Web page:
- March 05, 2016
The American School: Artists and Status in the Late Colonial and Early National Era
What did it mean to be an American artist in the 18th- and early-19th-century transatlantic world? In this first comprehensive art-historical study of the subject, Susan Rather examines the status of artists from different geographical, professional, and material perspectives: portrait painting in Boston and London, the trade of art in Philadelphia and New York, the negotiability and usefulness of colonial American identity in Italy and London, and the shifting representation of artists in and from the former British colonies after the Revolutionary War, when London remained the most important cultural touchstone.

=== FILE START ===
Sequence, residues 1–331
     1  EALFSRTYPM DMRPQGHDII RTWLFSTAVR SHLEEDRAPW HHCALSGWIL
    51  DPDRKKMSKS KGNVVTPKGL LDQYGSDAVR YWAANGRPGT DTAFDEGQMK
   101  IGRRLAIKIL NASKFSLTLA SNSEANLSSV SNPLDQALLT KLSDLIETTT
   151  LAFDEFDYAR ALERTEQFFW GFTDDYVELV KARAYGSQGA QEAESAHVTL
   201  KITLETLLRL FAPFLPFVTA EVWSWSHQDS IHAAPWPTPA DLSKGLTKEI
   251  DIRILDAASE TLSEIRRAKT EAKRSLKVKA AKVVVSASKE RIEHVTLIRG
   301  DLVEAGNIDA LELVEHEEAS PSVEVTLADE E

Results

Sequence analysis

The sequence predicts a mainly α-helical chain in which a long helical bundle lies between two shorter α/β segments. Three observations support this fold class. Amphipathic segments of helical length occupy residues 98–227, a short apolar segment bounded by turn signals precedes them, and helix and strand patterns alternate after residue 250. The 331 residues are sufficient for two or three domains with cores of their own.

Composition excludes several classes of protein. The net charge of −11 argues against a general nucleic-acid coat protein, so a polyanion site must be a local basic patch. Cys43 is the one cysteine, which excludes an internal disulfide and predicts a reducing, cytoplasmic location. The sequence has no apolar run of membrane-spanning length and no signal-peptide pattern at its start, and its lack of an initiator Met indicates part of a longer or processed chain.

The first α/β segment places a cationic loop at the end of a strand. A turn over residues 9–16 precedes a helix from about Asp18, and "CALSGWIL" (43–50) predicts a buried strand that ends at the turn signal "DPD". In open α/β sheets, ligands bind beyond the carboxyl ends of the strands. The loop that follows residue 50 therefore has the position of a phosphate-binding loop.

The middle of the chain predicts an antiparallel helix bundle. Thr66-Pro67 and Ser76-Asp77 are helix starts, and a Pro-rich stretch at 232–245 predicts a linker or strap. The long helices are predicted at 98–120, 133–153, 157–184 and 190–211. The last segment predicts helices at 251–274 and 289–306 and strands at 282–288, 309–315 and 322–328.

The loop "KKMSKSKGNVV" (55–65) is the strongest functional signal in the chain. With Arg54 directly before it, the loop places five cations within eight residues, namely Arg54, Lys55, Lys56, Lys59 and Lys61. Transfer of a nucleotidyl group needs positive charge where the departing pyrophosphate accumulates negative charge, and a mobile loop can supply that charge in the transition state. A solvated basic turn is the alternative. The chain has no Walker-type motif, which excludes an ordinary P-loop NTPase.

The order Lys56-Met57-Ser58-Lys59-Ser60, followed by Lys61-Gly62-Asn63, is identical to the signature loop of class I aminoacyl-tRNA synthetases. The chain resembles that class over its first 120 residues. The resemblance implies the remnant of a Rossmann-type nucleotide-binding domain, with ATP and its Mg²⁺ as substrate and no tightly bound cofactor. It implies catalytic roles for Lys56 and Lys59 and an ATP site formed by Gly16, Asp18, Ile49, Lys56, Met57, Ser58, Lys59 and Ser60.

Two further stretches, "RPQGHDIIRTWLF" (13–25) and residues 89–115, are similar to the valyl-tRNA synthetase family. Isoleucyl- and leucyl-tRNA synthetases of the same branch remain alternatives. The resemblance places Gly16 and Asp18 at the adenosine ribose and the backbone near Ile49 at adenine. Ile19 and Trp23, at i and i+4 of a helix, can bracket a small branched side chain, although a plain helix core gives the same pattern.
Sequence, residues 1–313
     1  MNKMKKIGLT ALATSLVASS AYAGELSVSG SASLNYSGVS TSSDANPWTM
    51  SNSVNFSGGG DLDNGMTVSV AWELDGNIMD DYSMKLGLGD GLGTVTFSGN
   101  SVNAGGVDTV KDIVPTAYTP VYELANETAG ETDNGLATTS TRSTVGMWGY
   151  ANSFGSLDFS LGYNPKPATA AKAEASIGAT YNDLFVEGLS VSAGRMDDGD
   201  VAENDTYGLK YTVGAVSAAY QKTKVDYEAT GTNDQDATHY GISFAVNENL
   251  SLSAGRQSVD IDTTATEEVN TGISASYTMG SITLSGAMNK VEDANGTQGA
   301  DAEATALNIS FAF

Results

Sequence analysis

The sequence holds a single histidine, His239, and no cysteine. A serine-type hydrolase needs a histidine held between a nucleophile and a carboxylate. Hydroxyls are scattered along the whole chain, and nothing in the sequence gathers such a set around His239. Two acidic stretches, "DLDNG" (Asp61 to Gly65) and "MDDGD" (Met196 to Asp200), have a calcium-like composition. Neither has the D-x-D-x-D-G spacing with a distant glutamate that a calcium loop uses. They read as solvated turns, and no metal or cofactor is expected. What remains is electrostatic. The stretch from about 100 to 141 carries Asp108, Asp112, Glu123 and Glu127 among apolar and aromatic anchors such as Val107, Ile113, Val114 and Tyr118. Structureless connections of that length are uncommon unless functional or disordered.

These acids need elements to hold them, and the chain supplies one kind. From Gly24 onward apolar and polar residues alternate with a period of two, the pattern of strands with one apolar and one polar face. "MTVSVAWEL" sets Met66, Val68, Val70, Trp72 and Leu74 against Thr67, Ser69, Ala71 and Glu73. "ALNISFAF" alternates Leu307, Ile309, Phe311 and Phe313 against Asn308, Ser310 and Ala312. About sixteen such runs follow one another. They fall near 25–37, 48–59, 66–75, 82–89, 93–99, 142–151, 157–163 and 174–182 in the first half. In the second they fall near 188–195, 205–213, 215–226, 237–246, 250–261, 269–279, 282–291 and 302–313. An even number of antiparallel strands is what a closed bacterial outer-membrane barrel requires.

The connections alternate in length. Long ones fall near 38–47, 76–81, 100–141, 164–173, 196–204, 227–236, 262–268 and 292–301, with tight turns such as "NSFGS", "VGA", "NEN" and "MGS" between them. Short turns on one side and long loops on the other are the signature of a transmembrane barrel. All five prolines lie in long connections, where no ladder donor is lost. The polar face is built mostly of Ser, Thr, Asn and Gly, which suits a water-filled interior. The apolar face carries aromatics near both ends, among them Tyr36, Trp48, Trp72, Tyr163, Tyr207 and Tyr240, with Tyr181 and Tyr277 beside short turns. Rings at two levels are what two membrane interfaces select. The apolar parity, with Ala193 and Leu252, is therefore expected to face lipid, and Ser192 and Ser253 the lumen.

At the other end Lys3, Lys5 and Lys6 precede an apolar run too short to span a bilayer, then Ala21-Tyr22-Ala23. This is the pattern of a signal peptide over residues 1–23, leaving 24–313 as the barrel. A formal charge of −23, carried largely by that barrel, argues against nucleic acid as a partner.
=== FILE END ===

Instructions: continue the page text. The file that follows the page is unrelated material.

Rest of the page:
The book interweaves nuanced analysis of well-known artists (John Singleton Copley, Benjamin West, and Gilbert Stuart, among others) with accounts of non-elite painters and ephemeral texts and images such as painted signs and advertisements, all well represented in this richly illustrated book. Throughout, Rather questions the validity of the term “American,” which she sees as provisional—the product of an evolving, multifaceted cultural construction.
An Afternoon with the American School
Sunday, April 10th
Refreshments served at 2pm; talk begins at 2:30pm
Dr. Rather will speak on both the contents and the process of creating the book and will sign copies after her talk. Copies will be available for sale with a 10% discount for current members of the Friends of the Neill-Cochran House Museum. Cash, check, and credit cards all accepted.
About the Author
Susan Rather is Professor of Art History at The University of Texas at Austin. Her recent book was published by Yale University Press in association with the Paul Mellon Centre for Studies in British Art.